Guest blog on “Academic collaboration – a startup point of view”

I was asked to write a guest blog to University College London Centre for Behaviour Change‘s Digi-Hub. My brief was to talk about collaboration between businesses and academia, in particular from the point of view of a small startup company like Club Soda.

My post, which is part of a longer series of guest blogs, deals with evidence, evaluation, and the tension that working across organisational boundaries can create.

You can read the post here.

Breaking into the NHS

No, not burglary. Digital Catapult had a half-day event on “NHS: The Procurement Minefield” last Monday. The first speaker was Mahiben Maruthappu from NHS England, who listed six big challenges for the NHS, or things that are needed more of: prevention, innovation, self-care, breaking silos and scaling, IT interoperability, and making the financial case. (Most of these sound like they would fit any major organisation really…)

He then listed three focus areas: organisational change to handle new kinds of services and local innovations (no surprise there!), combining innovations to achieve synergies, and achieving national scale. In terms of medical issues, diabetes, cancer and mental health are the three big priorities for the next ten years.

The other speakers weren’t as interesting to my ears, but the panel discussion towards the end had some good nuggets. For example, in answer to a question about how best to get into the NHS as a new service provider, the answers included having inside knowledge, “talking clinical” (i.e. not just business and tech), having a global view, and being adaptable and having perseverance (expect that anything will take years…). Someone even called the NHS “the hardest market to crack”, and recommended going direct to consumers, even if you then have to go to the US and Australia.

Some food for thought there, though mostly confirming the impression I’ve already got from other health and medical startups about the difficulties involved in working (or trying to work, to be more precise?) with the UK national health care system.


Forgot to mention this earlier, but the Club Soda team (Laura, Cassie, me) wrote a little e-Book: “How to go dry this January (and make it stick)”. It is based on some free booklets we wrote and gave away to Club Soda members during (dry) January, with some extra material thrown in. The only drawback is that the book is only available for Kindle from Amazon at the moment. But we’re working on an expanded book which we’ll share more widely.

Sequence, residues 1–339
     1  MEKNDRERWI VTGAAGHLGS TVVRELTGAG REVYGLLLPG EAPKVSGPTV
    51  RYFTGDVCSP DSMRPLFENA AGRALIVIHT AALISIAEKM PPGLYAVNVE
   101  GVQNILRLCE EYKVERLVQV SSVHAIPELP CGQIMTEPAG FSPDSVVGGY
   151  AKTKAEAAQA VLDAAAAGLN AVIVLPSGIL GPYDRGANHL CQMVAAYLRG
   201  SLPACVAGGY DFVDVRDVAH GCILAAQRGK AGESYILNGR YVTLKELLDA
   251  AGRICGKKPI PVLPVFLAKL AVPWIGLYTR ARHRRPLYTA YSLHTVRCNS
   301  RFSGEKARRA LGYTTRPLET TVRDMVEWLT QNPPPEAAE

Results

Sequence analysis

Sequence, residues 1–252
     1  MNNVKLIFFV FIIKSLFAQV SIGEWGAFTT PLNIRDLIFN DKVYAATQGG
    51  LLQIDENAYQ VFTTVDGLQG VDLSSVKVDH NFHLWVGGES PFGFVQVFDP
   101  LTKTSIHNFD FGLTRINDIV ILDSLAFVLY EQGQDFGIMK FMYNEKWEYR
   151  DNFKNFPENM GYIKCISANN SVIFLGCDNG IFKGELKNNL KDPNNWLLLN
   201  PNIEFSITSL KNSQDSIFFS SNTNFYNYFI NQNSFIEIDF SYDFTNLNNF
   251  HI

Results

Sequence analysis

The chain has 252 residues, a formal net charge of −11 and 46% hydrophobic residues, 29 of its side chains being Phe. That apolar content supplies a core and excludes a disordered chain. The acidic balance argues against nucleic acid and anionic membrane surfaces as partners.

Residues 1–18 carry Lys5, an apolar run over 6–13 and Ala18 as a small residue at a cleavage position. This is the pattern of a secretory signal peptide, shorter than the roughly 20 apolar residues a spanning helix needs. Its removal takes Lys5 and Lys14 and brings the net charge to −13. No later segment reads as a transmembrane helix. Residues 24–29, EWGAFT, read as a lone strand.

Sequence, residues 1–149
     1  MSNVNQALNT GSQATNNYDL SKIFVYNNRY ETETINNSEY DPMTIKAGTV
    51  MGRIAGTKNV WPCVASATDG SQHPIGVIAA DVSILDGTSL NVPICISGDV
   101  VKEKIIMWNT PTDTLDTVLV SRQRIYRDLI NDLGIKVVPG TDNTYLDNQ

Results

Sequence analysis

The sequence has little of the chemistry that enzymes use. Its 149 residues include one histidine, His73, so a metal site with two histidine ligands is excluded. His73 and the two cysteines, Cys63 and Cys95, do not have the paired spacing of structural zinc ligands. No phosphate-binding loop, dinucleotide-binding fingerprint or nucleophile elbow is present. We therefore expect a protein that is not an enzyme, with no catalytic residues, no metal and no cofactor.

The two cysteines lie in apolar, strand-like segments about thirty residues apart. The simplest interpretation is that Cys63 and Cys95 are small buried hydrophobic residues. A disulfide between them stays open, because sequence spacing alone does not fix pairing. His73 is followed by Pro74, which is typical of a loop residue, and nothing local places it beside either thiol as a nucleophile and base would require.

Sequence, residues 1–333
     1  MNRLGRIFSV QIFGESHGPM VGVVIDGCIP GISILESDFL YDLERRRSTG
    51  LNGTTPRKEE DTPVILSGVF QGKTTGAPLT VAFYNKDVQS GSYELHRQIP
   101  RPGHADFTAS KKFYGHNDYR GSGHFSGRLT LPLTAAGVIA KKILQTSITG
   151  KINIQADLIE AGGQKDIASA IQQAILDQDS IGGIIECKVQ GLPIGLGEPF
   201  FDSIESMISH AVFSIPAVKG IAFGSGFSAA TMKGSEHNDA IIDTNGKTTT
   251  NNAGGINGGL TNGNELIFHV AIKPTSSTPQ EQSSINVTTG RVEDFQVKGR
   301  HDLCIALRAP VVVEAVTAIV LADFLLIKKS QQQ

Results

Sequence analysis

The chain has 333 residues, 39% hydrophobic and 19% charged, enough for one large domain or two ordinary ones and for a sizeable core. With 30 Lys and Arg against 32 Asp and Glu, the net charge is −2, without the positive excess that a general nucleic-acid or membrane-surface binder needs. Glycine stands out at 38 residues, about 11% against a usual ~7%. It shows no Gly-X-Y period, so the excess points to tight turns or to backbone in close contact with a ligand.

In other news, I’ve also been writing an eight-week email-based behaviour change course for people wanting to cut down or quit drinking: 8 Weeks to Change Your Drinking. The first customers are on day 23 now, and I’m looking forward to the first proper feedback from them next week.

From fan clubs to supporting refugees

The November Building Online Communities MeetUp guest speaker was Shelley Taylor, who has been doing exciting things in tech for 20 years. In her own words an earlier venture of hers, a digital entertainment platform, was “both a huge success but also a failure” (the success part was 300,000 users). Very Silicon Valley!

A few years ago Shelley started thinking about old-fashioned fan clubs, which have of course been around for ages. Originally using magazines and letters in the post to communicate, it would be easy to think that Facebook and Twitter had completely destroyed the idea of fan clubs. But as is becoming more and more obvious, social media has fallen prey to its own success: artists, record labels, athletes, brands, can’t actually reach their audience on social media any more. This is largely due to the changing business models of the platforms – they rely on advertising for their revenue, so anyone wanting to reach people on them will now have to pay for the privilege (you can read articles with titles such as “What I learned spending $2 Million on Facebook Ads”). In plain terms, the Facebook algorithm will not show your update on your followers’ feed for free. And there are other pitfalls too. There are in the region of 60 Rihanna apps available. Sadly, they all fall under the umbrella of “unauthorized” – the artist has nothing to do with them.